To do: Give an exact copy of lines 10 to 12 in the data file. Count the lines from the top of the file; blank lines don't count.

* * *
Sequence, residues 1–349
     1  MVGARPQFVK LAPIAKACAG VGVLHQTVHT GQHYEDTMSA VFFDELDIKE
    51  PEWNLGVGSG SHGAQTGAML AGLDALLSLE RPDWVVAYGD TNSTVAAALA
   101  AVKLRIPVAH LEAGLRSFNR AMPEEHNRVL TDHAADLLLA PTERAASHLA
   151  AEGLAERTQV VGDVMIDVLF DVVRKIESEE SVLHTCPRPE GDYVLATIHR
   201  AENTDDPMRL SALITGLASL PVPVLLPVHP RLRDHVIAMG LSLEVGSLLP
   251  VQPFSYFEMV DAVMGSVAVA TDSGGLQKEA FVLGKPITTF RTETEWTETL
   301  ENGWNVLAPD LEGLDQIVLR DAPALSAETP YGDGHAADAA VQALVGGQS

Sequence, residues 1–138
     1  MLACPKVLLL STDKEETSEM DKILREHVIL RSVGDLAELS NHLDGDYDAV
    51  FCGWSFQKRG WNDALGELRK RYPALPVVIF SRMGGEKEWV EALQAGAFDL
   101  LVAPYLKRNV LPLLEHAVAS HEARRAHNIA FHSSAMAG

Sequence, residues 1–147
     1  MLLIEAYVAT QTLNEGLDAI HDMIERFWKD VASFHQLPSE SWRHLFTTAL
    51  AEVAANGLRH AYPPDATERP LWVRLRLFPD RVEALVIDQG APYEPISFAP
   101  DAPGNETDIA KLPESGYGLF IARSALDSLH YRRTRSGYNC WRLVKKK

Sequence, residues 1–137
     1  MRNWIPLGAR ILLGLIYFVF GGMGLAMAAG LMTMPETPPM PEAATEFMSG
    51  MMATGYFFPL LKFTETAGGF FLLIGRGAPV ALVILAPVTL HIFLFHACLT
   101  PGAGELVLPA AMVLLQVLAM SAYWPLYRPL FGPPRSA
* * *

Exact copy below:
     1  MLACPKVLLL STDKEETSEM DKILREHVIL RSVGDLAELS NHLDGDYDAV
    51  FCGWSFQKRG WNDALGELRK RYPALPVVIF SRMGGEKEWV EALQAGAFDL
   101  LVAPYLKRNV LPLLEHAVAS HEARRAHNIA FHSSAMAG